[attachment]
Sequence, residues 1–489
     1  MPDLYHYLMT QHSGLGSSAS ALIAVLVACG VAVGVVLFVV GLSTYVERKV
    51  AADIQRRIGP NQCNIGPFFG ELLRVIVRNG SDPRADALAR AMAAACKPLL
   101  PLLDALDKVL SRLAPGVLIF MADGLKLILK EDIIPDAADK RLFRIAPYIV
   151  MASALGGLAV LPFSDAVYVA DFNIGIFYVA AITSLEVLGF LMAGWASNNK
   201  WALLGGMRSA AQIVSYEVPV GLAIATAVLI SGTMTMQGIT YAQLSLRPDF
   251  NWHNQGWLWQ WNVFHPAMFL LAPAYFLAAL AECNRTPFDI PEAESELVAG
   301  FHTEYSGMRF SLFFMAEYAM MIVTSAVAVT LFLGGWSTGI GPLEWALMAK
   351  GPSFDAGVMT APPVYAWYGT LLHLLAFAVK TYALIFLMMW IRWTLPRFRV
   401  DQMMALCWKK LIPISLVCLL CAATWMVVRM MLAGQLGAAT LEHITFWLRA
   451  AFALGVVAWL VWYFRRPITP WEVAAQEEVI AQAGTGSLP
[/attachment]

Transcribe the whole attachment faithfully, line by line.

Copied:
Sequence, residues 1–489
     1  MPDLYHYLMT QHSGLGSSAS ALIAVLVACG VAVGVVLFVV GLSTYVERKV
    51  AADIQRRIGP NQCNIGPFFG ELLRVIVRNG SDPRADALAR AMAAACKPLL
   101  PLLDALDKVL SRLAPGVLIF MADGLKLILK EDIIPDAADK RLFRIAPYIV
   151  MASALGGLAV LPFSDAVYVA DFNIGIFYVA AITSLEVLGF LMAGWASNNK
   201  WALLGGMRSA AQIVSYEVPV GLAIATAVLI SGTMTMQGIT YAQLSLRPDF
   251  NWHNQGWLWQ WNVFHPAMFL LAPAYFLAAL AECNRTPFDI PEAESELVAG
   301  FHTEYSGMRF SLFFMAEYAM MIVTSAVAVT LFLGGWSTGI GPLEWALMAK
   351  GPSFDAGVMT APPVYAWYGT LLHLLAFAVK TYALIFLMMW IRWTLPRFRV
   401  DQMMALCWKK LIPISLVCLL CAATWMVVRM MLAGQLGAAT LEHITFWLRA
   451  AFALGVVAWL VWYFRRPITP WEVAAQEEVI AQAGTGSLP